Film review: ‘Farewell, My Queen’
Wed, Aug 15, 2012 (6:11 p.m.)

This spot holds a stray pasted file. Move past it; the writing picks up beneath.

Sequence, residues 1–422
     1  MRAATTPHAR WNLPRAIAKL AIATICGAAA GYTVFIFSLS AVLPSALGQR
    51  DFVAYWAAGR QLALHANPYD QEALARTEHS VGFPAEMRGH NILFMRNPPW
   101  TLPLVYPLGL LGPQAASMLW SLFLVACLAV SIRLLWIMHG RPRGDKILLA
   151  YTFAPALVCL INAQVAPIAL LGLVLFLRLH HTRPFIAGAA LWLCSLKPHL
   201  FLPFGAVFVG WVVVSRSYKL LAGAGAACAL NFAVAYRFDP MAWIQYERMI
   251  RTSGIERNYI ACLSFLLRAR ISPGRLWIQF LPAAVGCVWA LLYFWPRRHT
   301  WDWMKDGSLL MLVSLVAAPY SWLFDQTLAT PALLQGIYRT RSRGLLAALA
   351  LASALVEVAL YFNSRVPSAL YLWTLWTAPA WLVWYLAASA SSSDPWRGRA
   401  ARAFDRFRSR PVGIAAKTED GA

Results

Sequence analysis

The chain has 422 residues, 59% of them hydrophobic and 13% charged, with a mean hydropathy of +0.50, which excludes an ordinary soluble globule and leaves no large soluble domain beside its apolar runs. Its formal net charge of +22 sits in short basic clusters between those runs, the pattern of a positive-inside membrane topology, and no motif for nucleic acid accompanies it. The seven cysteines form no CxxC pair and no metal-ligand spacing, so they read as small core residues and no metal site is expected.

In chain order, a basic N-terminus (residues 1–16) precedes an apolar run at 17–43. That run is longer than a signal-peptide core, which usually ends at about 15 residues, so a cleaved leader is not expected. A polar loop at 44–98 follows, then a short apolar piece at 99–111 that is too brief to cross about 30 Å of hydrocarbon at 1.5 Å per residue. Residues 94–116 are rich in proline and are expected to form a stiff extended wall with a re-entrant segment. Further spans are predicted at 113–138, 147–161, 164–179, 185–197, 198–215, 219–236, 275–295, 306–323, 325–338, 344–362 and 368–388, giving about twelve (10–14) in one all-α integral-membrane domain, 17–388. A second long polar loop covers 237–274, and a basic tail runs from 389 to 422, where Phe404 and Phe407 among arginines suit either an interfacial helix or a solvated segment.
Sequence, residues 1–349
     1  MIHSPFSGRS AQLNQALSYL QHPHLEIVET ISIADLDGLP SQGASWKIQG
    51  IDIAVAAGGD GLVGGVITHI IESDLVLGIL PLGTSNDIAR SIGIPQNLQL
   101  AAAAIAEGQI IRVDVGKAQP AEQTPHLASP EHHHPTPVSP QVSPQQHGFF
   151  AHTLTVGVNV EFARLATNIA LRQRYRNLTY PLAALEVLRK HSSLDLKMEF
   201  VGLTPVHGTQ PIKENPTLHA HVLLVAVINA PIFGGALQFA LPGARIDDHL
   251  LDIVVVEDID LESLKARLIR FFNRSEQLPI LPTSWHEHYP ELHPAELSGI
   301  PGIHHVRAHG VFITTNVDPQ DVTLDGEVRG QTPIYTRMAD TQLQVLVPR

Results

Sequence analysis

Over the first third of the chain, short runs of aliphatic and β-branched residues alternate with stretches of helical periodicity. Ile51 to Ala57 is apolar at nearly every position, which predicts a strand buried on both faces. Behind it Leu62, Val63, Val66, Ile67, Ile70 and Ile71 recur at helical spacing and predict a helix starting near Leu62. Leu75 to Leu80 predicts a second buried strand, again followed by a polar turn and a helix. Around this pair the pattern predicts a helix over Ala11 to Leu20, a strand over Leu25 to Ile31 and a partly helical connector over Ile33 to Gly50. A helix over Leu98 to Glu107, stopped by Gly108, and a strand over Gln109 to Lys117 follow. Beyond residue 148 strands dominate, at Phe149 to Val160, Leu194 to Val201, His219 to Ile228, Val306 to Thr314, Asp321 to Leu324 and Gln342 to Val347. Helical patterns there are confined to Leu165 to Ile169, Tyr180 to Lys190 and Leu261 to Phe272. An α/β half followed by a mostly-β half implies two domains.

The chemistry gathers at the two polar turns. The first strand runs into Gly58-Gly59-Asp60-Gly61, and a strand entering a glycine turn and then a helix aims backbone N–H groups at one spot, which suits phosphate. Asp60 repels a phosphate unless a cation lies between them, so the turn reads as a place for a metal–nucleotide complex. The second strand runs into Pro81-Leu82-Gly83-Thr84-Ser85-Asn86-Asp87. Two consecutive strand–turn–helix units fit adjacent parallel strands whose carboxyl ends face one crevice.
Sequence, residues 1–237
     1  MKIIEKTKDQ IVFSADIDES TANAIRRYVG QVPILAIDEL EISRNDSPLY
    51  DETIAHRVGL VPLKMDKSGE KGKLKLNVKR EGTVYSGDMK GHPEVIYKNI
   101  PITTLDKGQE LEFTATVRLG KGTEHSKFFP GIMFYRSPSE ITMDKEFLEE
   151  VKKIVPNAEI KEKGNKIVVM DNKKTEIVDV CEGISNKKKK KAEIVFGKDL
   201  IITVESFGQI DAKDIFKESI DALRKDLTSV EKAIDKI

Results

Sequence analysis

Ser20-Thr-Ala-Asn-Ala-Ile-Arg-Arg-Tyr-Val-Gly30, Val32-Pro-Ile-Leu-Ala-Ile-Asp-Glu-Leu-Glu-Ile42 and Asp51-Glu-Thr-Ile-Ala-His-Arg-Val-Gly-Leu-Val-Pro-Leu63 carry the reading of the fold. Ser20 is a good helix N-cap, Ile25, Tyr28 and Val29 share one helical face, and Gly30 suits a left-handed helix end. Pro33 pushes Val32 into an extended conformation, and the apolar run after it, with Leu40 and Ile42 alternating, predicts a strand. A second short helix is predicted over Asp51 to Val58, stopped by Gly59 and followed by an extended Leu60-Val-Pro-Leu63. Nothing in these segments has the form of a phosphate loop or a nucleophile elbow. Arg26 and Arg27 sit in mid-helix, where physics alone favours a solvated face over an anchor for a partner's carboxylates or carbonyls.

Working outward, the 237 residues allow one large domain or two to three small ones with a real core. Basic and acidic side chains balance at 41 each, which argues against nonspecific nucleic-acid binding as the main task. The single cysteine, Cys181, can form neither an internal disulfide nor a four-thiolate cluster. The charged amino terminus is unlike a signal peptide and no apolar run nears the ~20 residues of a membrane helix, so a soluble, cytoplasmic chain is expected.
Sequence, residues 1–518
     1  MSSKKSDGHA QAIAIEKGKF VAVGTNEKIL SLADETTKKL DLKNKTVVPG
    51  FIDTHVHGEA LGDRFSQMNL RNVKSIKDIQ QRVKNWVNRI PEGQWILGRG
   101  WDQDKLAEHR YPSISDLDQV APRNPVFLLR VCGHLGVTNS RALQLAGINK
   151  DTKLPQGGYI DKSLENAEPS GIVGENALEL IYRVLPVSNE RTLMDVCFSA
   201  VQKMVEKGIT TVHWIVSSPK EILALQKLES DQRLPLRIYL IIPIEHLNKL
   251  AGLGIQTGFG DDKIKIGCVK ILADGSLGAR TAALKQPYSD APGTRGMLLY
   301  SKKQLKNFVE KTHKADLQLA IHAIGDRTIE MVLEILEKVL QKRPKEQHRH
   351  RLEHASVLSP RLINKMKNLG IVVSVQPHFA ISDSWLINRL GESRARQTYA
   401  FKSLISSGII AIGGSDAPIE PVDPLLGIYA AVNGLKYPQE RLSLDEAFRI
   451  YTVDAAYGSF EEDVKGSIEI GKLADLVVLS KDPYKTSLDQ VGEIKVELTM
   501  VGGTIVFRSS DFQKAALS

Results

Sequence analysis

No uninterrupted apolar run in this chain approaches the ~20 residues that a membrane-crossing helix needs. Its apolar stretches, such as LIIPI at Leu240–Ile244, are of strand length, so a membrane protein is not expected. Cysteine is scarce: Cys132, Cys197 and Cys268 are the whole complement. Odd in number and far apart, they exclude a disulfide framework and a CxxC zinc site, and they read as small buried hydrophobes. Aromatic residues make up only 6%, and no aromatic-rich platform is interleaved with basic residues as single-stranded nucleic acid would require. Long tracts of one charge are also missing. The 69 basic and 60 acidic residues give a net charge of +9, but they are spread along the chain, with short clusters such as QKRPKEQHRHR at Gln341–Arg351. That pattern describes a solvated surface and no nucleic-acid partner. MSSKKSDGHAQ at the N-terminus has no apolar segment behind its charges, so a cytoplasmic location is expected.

Just as theater directors like to try to enliven Shakespeare for jaded audiences by setting his plays in novel contexts (World War II, present-day Manhattan, etc.), filmmakers often approach major historical events from an unexpected vantage point, in the hope that a different angle will shed new light. Adapted from a novel by Chantal Thomas, Farewell, My Queen depicts the first few days of the French Revolution through the eyes of a young servant girl (Léa Seydoux) who oversees the personal library of Marie Antoinette (Diane Kruger). The result is handsomely appointed but strangely inert, with Seydoux, who can be gloriously inexpressive in the right role (she played the French assassin in Mission: Impossible—Ghost Protocol), never conveying much more than star-struck devotion to a doomed idol. Director Benoît Jacquot provides a credible sense of the anxious mood among Versailles’ chattering class, but that can’t fill the dramatic void.